"Ask your child to close their eyes and picture a stoplight," says Einhorn. "When the red light is on (too intense), they should take three deep breaths and think of something calming. When the light turns yellow, it’s time to evaluate the problem. Can they handle this on their own? Do they need adult help? Think of two problem-solving strategies that might work. When the light turns green, choose a strategy (ask for help, go outside and run around, work on a compromise) and give it a try."

Additionally, Einhorn recommends introducing the fundamental steps of problem-solving, known by therapists as ABCD:

  • A: Ask, "What is the problem?"
  • B: Brainstorm solutions
  • C: Choose a solution to try
  • D: Do it! 

It's also helpful to continue to practice naming emotions, modeling empathy, and brainstorming solutions at an age-appropriate level, says Einhorn, in order to continue to develop these important skills.


The middle school years are well-known for awkwardness, social angst, big feelings, shifting social landscapes, and "drama" among friends. Puberty, early romantic relationships, school and family stress, and the pressure to fit in all may contribute to peer conflict. "Social relationships become more important as youth become more self-conscious and peer relationships feel more significant," explains Einhorn.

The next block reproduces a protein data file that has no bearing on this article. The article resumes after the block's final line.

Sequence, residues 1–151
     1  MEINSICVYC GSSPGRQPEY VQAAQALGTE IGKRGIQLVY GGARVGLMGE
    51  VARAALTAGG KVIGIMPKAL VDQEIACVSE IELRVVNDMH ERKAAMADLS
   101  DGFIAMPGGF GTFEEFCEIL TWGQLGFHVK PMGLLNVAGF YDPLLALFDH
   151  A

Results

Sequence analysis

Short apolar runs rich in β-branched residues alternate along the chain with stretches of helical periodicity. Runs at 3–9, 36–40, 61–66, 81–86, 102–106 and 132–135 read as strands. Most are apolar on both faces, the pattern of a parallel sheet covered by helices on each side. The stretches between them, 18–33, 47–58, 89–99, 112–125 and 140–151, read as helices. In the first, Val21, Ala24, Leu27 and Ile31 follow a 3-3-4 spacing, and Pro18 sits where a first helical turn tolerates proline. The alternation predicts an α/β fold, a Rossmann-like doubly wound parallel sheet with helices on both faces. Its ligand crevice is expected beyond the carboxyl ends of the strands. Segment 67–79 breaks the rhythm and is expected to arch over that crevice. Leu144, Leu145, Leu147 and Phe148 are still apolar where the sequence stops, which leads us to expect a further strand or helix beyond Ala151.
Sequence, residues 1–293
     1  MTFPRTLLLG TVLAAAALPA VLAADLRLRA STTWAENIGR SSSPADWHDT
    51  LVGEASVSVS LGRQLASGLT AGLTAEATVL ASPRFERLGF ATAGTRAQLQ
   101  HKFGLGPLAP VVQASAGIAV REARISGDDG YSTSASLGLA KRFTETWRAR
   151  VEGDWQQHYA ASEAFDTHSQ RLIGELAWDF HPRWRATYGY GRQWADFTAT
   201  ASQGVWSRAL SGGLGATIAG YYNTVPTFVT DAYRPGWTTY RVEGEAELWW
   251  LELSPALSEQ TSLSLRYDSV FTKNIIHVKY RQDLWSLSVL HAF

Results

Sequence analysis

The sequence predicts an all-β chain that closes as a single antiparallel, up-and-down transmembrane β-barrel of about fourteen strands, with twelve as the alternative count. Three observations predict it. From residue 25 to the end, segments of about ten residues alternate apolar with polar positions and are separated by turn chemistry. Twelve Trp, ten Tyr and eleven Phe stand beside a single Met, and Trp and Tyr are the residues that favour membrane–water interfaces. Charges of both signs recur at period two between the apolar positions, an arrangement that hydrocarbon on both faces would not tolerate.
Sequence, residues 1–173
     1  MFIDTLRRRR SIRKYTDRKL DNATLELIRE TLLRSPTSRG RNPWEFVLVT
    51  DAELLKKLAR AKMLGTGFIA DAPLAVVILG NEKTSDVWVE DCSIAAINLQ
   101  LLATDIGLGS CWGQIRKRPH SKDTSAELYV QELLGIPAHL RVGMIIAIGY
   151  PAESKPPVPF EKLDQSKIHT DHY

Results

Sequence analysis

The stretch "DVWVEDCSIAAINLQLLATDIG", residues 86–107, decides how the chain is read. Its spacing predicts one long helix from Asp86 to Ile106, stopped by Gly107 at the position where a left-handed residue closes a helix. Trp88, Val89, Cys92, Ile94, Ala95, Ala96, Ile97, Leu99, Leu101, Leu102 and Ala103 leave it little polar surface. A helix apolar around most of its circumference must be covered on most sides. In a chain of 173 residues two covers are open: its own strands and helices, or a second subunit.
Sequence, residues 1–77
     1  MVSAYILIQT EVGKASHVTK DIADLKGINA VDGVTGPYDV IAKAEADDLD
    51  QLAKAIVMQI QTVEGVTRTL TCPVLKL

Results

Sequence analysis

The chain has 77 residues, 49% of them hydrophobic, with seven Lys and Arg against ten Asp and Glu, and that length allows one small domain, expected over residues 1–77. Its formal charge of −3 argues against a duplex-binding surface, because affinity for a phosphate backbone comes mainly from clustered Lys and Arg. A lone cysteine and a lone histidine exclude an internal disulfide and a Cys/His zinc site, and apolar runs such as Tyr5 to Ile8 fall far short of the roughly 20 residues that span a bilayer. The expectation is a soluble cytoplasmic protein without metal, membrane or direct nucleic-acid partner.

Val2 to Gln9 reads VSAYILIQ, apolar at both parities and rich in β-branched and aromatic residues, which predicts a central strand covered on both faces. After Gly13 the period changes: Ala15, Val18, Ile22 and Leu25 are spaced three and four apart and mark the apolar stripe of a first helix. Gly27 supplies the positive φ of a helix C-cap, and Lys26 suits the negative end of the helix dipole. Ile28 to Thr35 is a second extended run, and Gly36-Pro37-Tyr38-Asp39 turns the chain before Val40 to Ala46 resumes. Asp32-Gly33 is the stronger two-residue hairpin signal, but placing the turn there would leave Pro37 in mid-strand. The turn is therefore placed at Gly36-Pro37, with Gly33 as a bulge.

For this age group, Einhorn recommends teaching your child the principles of SOAR: Stop, Observe, Assess, Respond. This process involves the following steps.

Start with cooling off. Take a moment for emotion regulation by utilizing a calming strategy. Then, focus on sharing by listening, checking in, hearing both perspectives, and rating the intensity of the problem. Next, think about accountability. Take responsibility, if appropriate.

After that, move on to brainstorming to come up with possible solutions and compromises. Then, choose a solution to try. The final step is affirming the friendship by forgiving, apologizing, and/or thanking their friend for working to find a solution.